South Korean hotel owner says he will leave hotel after backlash

South Korean tourist firm Jolien Hotel said on Thursday it will close after backlash over its decision to book a visit to the fictional town of Hazbin.

The Jolien Group has already shut down its hotels in South Korea, China and the United States after backlash, but it has yet to decide how it will react to the backlash in the United Kingdom.

The company said in a statement that it would temporarily shut down all of its hotels and other accommodation facilities, including all staff, in the UK, including those in hotels owned by the Jolien group.

“Due to a series of public and media reports, we have decided to temporarily shut all our properties in the USA, and we are taking steps to mitigate our impact on our customers,” Jolien said in the statement.

The hotel, which has a population of around 7,000, was set to hold a business lunch on Wednesday in London, but was cancelled due to the fallout from the controversy.

“The decision was taken in light of the negative public opinion towards the company, as well as the fact that we have already suspended operations in the US,” the statement read.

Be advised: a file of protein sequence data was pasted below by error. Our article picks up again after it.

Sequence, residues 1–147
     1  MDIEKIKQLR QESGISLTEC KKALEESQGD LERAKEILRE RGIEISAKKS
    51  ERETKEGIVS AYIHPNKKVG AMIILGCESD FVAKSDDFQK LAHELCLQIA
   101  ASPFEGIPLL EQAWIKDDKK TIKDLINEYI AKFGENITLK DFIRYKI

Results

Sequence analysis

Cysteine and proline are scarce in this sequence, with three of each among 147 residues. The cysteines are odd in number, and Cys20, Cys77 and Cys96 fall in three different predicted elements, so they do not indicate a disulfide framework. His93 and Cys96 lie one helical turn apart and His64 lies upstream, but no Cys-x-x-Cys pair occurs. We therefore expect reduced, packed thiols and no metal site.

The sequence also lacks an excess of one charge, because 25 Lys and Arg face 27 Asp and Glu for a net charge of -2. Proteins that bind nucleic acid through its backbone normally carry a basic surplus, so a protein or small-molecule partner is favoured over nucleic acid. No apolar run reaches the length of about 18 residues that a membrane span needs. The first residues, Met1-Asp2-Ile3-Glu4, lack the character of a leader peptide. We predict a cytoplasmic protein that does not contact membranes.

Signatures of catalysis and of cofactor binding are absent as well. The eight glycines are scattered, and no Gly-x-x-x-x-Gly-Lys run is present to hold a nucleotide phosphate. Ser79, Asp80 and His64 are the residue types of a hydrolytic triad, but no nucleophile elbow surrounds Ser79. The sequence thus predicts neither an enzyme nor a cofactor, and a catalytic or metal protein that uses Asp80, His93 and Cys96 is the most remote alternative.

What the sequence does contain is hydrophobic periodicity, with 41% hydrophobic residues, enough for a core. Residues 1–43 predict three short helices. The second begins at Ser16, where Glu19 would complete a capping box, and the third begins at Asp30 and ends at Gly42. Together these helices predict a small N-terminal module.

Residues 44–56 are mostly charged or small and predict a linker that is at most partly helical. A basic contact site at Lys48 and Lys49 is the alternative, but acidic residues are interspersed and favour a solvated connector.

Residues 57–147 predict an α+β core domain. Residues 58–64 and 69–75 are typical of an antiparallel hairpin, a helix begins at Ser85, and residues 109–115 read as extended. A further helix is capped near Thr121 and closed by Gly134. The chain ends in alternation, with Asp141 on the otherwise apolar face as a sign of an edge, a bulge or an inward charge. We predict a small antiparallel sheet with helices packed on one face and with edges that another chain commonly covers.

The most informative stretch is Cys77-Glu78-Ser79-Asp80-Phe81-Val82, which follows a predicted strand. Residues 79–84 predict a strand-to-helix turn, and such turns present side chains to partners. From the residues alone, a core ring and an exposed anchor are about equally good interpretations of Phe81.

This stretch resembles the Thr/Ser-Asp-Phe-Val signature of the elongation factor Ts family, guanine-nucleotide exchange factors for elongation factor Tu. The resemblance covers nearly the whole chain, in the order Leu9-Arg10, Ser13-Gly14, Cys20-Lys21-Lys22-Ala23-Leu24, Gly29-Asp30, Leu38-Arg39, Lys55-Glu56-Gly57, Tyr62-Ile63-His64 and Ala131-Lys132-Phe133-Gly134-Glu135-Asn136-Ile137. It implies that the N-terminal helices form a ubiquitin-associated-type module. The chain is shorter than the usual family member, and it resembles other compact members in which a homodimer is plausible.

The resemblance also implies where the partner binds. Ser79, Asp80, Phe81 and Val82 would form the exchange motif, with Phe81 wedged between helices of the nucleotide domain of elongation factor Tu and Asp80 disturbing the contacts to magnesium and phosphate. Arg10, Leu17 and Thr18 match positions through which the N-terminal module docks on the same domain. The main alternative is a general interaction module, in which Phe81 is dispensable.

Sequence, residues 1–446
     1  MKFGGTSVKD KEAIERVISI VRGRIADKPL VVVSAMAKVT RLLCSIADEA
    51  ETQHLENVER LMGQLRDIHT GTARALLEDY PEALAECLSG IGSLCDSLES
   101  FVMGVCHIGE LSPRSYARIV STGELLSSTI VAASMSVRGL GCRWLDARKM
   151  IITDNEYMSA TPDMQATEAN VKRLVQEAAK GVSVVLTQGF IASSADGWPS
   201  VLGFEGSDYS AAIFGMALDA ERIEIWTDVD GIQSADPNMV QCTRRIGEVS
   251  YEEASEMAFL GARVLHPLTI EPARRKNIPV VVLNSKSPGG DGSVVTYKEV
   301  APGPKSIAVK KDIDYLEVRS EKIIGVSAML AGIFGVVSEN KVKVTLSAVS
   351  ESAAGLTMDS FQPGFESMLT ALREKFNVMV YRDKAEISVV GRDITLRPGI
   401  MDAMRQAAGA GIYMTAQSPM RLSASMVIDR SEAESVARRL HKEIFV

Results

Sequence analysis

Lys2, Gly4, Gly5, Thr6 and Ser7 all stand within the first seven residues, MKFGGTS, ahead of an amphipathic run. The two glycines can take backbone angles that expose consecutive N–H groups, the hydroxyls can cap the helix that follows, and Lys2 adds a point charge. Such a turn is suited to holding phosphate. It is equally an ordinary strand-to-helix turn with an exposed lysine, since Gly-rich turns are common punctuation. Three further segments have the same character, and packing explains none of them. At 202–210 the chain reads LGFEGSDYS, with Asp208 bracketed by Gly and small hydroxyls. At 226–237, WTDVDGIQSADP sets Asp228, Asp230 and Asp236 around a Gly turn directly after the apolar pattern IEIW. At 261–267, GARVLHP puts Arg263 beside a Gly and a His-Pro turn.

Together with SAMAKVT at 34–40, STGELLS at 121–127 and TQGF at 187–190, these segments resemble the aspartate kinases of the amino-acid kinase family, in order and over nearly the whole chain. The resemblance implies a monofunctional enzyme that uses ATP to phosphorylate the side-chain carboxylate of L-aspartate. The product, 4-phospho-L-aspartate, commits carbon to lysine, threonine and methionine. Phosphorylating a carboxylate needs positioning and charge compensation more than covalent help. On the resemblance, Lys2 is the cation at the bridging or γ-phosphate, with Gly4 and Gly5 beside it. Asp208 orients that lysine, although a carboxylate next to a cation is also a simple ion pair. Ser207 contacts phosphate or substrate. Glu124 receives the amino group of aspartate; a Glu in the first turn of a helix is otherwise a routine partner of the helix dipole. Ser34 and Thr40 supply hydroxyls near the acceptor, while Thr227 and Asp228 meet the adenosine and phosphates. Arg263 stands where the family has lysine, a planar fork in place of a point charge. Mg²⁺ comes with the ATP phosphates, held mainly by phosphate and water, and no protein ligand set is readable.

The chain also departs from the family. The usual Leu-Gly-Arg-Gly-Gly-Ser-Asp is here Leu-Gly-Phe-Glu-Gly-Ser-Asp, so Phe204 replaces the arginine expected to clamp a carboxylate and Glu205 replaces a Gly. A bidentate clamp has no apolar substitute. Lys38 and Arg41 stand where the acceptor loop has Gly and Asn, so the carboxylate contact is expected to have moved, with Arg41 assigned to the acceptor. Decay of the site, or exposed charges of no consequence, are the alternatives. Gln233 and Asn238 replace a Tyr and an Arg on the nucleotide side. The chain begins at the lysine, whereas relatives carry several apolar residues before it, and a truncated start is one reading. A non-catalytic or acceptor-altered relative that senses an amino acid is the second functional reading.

“We regret the inconvenience this has caused our guests and employees, and have extended our sincere apologies to all those affected.”

Jolien is the second British hotel chain to be forced to shut down.

It closed its operations in March after being criticised for its decision not to book visits to fictional town Hazbin, in an area known for its historical significance.

The London-based hotel group has not commented on the decision.

Jolien and other South Korean hotels have faced similar criticism in the past.

The group also operates two hotels in Japan, one in Nagasaki and one in Tokyo, which are both considered part of the same city.

In January, a British tourist who visited the fictional island of Hakodate on the fictional city of Hazbinsdory had a meltdown when he was unable to sleep due to a lack of oxygen.

The Japanese media and local government blamed the hotel and other operators for the crisis, and the company was ordered to pay a ¥20m (£12.5m) fine for breaching the Japanese hospitality law.

The hotels are also facing accusations of failing to properly train staff and failing to comply with local laws.

Joliens website says it has “no intention” of opening new hotels in the future, and is “considering its options”.

“We do not plan to open a new hotel in the near future,” the Joliens Group said in its statement.